Putting the new U.S. Grand Prix head-to-head with NASCAR’s finale also means the race got completely bumped off TSN, which has moved it from the sports network to CTV Two. With the Canadian Football League playoffs on the main network, TSN2 will show the Sprint Cup finale instead of F1. Coverage on CTV Two starts Sunday at 1:55 p.m ET. Saturday’s F1 qualifying session will be shown on TSN2 at 12:55 p.m ET.
In the U.S., Speed TV has the F1 race sandwiched between its all-out NASCAR coverage. More than 20 hours of stock car programming will be shown on the specialty racing channel in the run-up to the Cup finale during the same time F1 is also racing in the U.S..
To give an idea of the broadcast priorities in the U.S., Speed’s “expanded coverage” of F1 in light of the Austin race was a 30-minute special last Sunday on the circuit and another 30-minute feature after the race on Dan Gurney’s 1967 Belgian Grand Prix win. In addition, sending the Speed F1 crew to Austin from North Carolina was a huge inconvenience to the network, judging from the Twitter buzz.
F1 returns to the U.S. this weekend at the newly constructed Circuit of the Americas in Austin, Tex., after a five-year absence. The series last raced in the U.S. in 2007 at the Indianapolis Motor Speedway. That event ended its eight-year run when the famed Brickyard refused to meet F1 boss Bernie Ecclestone’s sanctioning fee demands.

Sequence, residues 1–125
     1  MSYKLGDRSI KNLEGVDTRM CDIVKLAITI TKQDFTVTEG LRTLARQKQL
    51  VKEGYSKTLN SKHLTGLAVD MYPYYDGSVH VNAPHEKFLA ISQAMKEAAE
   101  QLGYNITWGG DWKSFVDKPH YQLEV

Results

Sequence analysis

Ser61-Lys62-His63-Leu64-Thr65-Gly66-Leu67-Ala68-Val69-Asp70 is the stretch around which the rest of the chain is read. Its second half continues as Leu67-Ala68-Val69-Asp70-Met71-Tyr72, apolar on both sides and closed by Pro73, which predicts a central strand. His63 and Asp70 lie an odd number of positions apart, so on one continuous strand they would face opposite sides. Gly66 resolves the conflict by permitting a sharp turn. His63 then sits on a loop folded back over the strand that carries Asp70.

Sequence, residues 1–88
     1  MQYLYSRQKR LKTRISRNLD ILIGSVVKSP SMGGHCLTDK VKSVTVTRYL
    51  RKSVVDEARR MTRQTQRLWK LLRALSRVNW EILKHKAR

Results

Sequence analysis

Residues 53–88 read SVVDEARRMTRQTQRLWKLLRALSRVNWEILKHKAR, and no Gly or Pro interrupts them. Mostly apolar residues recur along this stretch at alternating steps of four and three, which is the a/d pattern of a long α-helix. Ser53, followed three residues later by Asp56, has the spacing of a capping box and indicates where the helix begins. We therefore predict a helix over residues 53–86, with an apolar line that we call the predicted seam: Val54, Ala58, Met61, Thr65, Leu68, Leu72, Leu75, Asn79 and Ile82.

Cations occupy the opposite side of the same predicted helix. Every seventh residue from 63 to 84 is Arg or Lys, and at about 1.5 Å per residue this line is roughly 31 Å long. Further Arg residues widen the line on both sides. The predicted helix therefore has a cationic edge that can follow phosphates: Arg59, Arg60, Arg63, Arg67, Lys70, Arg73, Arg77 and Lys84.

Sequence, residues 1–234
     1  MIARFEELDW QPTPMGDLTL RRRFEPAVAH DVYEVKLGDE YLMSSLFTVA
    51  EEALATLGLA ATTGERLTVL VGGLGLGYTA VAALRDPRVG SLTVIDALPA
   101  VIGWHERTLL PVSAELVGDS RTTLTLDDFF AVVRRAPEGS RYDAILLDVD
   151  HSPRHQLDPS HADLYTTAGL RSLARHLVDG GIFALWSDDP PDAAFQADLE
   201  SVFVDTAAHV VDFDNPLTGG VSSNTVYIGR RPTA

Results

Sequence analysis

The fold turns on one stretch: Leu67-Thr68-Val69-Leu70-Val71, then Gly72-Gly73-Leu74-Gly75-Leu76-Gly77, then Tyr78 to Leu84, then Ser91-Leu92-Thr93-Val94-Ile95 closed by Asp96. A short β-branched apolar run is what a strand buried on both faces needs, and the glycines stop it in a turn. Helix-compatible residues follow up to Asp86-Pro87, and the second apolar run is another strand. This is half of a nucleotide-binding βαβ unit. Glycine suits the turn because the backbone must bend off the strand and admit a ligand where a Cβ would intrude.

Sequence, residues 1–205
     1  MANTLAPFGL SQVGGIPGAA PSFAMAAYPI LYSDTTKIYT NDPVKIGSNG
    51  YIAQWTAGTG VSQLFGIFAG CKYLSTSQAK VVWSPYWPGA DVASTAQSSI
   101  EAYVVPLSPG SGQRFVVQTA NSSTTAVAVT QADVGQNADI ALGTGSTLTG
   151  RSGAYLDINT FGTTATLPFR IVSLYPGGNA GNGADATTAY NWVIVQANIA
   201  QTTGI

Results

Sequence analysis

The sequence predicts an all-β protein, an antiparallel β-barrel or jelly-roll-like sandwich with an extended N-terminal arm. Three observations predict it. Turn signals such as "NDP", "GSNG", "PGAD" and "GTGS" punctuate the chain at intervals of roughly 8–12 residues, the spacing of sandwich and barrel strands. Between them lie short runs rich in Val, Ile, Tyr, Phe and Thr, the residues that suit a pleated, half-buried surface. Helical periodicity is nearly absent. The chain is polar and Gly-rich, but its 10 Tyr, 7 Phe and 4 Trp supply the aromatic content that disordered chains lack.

In F1, Vettel of Red Bull leads Ferrari’s Alonso by 10 points with two races left in the season. With drivers getting 25 points for a win, the 2012 title could very well be decided in Austin.
Going into the NASCAR finale on Sunday, Keselowski has a 20-point cushion and only needs to finish 15th or better to take his first Cup championship. Considering that Johnson went into the penultimate race with a seven-point lead and left 20 back, there’s a feeling that anything can happen on Sunday. Few think Keselowski has the title sewn up, especially since Johnson has a history of coming up big when it’s really needed. Drivers in NASCAR get 47 points for a win.
And while many scoff at the crudeness of NASCAR’s racing equipment, the guy likely to win the Cup crown this year remains a compelling figure. Unlike most F1 drivers, Keselowski has a personality and he shows it. Not that F1 drivers aren’t interesting – most of them are – but they are so constrained by all the corporate posturing in the sport that their true selves remain stifled beyond belief.